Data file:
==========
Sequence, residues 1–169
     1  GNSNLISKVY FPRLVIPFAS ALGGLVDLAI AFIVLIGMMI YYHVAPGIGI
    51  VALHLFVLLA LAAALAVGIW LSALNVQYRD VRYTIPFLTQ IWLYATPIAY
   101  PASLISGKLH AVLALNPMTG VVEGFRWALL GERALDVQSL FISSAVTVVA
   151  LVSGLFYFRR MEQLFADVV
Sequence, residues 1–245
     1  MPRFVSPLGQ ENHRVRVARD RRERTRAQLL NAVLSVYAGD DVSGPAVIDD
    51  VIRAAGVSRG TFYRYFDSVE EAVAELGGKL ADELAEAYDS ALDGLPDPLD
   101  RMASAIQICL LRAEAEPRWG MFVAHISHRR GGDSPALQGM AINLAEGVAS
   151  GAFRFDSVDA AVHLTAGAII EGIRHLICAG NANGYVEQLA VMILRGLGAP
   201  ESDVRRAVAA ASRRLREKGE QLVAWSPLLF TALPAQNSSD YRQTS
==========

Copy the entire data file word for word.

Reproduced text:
Sequence, residues 1–169
     1  GNSNLISKVY FPRLVIPFAS ALGGLVDLAI AFIVLIGMMI YYHVAPGIGI
    51  VALHLFVLLA LAAALAVGIW LSALNVQYRD VRYTIPFLTQ IWLYATPIAY
   101  PASLISGKLH AVLALNPMTG VVEGFRWALL GERALDVQSL FISSAVTVVA
   151  LVSGLFYFRR MEQLFADVV
Sequence, residues 1–245
     1  MPRFVSPLGQ ENHRVRVARD RRERTRAQLL NAVLSVYAGD DVSGPAVIDD
    51  VIRAAGVSRG TFYRYFDSVE EAVAELGGKL ADELAEAYDS ALDGLPDPLD
   101  RMASAIQICL LRAEAEPRWG MFVAHISHRR GGDSPALQGM AINLAEGVAS
   151  GAFRFDSVDA AVHLTAGAII EGIRHLICAG NANGYVEQLA VMILRGLGAP
   201  ESDVRRAVAA ASRRLREKGE QLVAWSPLLF TALPAQNSSD YRQTS